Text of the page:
Q: My husband likes microwave popcorn, and I prefer hot-air popped popcorn. However, neither tastes as good as movie-theater popcorn. What’s their secret?
A: First, while they certainly do taste different, it’s not the actual popcorn that makes the difference. The kernels used to make theater popcorn and those used in the home (whether microwave or air popped) are essentially the same. By the way, the No. 1 state for popcorn production -- the Cornhusker state, of course.
Regardless of how the popcorn is popped, the principle is still the same. Heat, whether delivered by hot air, microwave energy or hot oil, increases the temperature and vapor pressure inside the kernel. When the pressure exceeds that which the kernel covering can withstand (more than 100 psi), the kernel literally explodes. Voila, you have popcorn.
So if the popcorn is the same, what gives theater popcorn that unique flavor? One of the main differences is the type (and amount) of oil used in movie-theater poppers. They also use a lot more salt (which may contain flavoring agents). Retail microwave popcorn manufacturers must label their ingredients and nutritional content. While they vary from brand to brand, labeling tends to ensure that a relatively “modest” amount of salt and oil are added. On the other hand, movie theaters can use more oil and add more liberal amounts of salt and butter flavor without labeling. Most medium-sized containers of plain movie-theater popcorn contain about 500 calories; add another 200 with the butter flavor. Alternatively, air popped popcorn has no oil and contains only the salt and butter you choose to add.
There is also a major psychological factor that makes us like movie popcorn beyond the inherent flavor of the popcorn. Popcorn and movies are such a natural pairing that we even refer to certain films as “popcorn movies.” Psychology researchers at the University of Southern California and Cornell have shown that regular moviegoers like eating popcorn so much that many will eat even stale popcorn. More if it’s in a big bucket. And even on a full stomach. Evidently, the dimmed lights and coming attraction trailers are just the cues needed to induce habitual popcorn-eating.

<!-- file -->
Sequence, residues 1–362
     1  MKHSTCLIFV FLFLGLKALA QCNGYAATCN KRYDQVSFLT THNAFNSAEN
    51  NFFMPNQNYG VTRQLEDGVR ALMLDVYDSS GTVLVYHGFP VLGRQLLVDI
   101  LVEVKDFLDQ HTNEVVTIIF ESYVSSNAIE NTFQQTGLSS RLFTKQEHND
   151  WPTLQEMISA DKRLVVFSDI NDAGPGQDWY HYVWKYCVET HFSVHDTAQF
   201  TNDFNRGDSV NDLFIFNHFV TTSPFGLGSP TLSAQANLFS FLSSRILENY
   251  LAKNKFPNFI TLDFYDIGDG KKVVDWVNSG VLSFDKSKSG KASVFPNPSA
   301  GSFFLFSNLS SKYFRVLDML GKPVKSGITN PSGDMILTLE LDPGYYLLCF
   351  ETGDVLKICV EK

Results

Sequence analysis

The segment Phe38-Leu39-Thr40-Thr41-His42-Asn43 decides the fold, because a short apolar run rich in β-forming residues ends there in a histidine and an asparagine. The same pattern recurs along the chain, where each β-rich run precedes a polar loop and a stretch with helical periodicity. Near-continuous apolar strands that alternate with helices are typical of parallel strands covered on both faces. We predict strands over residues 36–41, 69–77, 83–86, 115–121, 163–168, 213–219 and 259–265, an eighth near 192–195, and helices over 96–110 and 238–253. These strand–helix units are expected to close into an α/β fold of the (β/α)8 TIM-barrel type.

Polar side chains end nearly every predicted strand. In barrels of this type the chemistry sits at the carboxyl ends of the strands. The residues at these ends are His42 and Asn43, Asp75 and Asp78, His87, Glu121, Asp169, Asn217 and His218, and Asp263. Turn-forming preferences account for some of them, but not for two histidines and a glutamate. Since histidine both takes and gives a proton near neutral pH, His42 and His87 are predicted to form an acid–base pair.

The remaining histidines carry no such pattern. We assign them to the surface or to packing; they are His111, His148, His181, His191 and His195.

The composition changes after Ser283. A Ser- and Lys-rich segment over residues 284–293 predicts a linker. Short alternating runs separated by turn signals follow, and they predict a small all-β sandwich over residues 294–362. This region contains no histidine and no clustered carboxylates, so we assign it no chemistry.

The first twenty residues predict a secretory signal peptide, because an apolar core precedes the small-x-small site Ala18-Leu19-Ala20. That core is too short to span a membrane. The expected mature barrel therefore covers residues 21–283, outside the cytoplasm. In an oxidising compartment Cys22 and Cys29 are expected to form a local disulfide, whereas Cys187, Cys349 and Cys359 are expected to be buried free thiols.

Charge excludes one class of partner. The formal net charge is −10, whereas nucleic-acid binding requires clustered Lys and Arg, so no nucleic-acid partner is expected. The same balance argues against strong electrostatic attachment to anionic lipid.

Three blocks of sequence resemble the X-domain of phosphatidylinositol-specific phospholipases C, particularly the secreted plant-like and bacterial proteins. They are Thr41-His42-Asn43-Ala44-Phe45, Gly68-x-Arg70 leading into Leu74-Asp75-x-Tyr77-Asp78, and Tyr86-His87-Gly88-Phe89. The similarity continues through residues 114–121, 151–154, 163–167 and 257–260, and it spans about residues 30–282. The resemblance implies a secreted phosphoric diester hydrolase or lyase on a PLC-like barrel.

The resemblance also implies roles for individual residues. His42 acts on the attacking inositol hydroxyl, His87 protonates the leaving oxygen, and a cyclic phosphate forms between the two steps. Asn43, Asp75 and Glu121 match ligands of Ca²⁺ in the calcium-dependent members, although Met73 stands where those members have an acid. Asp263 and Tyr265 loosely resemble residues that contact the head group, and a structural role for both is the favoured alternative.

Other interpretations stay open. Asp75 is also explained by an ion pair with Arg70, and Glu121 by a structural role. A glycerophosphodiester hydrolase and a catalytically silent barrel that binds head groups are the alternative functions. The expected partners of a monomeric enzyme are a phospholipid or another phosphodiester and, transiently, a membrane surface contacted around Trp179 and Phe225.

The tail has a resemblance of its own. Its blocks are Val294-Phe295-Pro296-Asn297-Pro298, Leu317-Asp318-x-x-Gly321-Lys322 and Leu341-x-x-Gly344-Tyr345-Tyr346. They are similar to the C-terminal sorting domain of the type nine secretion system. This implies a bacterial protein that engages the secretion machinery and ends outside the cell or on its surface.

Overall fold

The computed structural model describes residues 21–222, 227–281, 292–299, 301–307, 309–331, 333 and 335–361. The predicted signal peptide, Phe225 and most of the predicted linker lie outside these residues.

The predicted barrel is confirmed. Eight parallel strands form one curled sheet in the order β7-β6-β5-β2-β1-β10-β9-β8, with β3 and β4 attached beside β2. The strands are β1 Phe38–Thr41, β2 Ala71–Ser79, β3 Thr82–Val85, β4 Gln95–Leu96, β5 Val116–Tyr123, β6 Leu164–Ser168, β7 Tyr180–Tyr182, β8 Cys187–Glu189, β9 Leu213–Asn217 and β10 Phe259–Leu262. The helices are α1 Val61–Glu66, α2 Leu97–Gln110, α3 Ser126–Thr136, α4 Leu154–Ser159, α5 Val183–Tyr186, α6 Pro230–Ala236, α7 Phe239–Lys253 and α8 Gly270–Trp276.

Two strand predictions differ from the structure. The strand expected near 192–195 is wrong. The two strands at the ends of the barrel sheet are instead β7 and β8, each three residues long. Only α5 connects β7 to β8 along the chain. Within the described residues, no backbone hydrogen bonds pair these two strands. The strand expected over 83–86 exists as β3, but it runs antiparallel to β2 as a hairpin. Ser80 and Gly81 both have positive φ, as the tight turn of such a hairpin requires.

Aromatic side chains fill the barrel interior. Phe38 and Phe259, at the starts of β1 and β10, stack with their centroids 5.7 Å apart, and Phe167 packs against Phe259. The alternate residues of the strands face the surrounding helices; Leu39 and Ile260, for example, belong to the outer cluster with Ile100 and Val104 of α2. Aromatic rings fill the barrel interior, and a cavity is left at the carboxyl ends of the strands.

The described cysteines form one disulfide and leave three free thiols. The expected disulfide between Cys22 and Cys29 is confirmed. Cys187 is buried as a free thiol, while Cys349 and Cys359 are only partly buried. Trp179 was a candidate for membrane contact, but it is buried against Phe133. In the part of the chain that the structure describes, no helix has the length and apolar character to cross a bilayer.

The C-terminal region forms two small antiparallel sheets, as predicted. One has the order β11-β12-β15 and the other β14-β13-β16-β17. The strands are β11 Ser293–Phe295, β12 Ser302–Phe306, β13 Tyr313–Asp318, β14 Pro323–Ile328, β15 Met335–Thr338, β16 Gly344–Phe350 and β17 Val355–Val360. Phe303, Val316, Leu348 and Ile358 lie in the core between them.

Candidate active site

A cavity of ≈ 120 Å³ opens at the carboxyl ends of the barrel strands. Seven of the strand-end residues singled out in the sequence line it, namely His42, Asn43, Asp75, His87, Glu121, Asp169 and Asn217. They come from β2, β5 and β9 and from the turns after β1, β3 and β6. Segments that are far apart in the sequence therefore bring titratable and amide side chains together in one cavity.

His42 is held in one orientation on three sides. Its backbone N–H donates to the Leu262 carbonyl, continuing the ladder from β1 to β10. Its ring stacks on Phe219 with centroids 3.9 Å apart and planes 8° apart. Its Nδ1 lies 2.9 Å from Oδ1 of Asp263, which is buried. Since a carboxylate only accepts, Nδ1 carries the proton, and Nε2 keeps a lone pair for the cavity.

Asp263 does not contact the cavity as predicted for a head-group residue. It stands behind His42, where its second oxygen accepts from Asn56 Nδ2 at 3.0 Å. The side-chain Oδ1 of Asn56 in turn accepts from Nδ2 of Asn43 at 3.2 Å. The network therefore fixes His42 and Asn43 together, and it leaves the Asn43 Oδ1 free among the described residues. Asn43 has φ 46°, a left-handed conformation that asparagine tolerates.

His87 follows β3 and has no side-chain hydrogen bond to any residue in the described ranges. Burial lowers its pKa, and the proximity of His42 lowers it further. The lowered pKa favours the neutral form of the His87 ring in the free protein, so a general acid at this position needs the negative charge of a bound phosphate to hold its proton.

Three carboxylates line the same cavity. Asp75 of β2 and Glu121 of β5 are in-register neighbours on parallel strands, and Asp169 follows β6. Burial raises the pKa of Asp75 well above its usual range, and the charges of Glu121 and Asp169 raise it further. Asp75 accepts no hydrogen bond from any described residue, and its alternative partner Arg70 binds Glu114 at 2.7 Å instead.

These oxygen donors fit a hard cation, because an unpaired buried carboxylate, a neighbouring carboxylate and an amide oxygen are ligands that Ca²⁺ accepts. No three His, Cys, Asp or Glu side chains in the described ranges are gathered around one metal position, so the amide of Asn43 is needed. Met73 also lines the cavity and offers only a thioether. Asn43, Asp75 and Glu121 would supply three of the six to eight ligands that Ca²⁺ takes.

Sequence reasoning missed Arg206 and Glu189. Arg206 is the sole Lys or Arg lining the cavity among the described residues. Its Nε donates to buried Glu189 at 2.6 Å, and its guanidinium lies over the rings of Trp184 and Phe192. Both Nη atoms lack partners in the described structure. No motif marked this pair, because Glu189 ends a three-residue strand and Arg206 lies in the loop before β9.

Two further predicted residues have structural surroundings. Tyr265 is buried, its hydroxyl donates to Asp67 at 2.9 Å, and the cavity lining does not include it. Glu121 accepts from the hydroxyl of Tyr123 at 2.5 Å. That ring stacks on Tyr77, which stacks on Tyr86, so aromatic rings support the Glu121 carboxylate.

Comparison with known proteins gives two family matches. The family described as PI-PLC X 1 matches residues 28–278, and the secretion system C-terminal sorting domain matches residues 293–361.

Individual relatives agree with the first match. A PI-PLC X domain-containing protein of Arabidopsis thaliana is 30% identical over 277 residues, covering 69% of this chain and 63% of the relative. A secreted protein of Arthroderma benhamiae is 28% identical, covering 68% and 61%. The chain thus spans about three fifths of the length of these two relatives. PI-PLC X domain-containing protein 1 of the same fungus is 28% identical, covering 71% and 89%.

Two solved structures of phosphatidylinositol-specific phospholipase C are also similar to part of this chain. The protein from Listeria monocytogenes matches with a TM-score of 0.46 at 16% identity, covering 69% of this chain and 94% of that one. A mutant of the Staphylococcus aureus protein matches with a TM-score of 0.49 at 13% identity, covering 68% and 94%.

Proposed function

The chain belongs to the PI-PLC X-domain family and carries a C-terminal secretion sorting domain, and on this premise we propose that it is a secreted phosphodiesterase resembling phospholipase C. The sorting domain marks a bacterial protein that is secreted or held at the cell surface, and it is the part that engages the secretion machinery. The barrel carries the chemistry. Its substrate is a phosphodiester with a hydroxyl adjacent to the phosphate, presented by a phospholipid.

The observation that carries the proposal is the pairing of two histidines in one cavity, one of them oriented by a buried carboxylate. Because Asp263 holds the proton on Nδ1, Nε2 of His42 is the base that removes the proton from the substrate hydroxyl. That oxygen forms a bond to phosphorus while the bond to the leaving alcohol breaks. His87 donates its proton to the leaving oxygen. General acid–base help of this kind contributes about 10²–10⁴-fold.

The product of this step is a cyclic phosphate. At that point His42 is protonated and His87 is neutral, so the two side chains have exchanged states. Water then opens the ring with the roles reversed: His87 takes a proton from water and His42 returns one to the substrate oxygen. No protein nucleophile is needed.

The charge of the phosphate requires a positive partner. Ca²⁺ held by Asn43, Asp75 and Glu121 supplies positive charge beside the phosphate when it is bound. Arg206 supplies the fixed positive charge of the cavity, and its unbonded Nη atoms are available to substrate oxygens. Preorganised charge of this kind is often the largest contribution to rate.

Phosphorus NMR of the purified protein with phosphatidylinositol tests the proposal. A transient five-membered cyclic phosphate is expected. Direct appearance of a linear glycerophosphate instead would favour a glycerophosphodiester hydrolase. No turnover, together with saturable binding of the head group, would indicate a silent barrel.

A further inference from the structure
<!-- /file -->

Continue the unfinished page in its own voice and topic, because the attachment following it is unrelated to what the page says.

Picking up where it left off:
Q: I hear conflicting advice regarding the safety of prewashed salad greens? Some experts recommend rewashing; others say they are safe to eat right out of the bag.
A: This has been the most frequently asked Food Doc question over the past several months. Although addressed in an earlier column almost two years ago, the question, unfortunately, is still relevant since the problem has not gone away. Indeed, the recent cyclospora outbreak caused by contaminated ready-to-eat salad greens hit especially close to home, with most of the reported cases occurring in Nebraska, Iowa and Texas.
As to the rewash or not to rewash question, the Food and Drug Administration, the Centers for Disease Control and most state public health agencies have taken the position that prewashed, ready-to-eat greens and salad mixes are safe and healthy and that it is unnecessary for consumers to rewash these products. They even have suggested that washing ready-to-eat produce may introduce potentially harmful organisms from contaminated hands or kitchen surfaces.
Indeed, manufacturers of ready-to-eat bagged salad have adopted several measures to minimize food-safety risks. The greens are trimmed and thoroughly washed, they use sanitizing agents to disinfect equipment and then the products are packaged and distributed under sanitary conditions.
There are other reasons why rewashing ready-to-eat salad mixtures may not be very effective. Some organisms are very adept at sticking to plant surfaces and, once attached, are not easily removed. Also, when the greens are harvested and processed, the lettuce stems and tissues are cut and the interior tissues are exposed. If a harmful microorganism were present, it can gain access to this interior space and hide out from washing steps and even evade disinfection agents. Thus, home washing, unfortunately, may not do much good.
In contrast, there are some food-safety professionals, as well as Consumer Union (publisher of Consumer Reports), that do recommend rewashing. Indeed, some prominent food-safety authorities have altogether sworn off these products. Nonetheless, even these experts would concur that the chances of getting sick from these products is very low, although that is hardly much consolation for the unlucky ones that do become ill.
Bob Hutkins is the Food Doc. He is a professor at the University of Nebraska-Lincoln, where he teaches and conducts research in food science and food microbiology. Send your questions on any topic related to food, food safety, food ingredients and food processing to the Food Doc at email@example.com.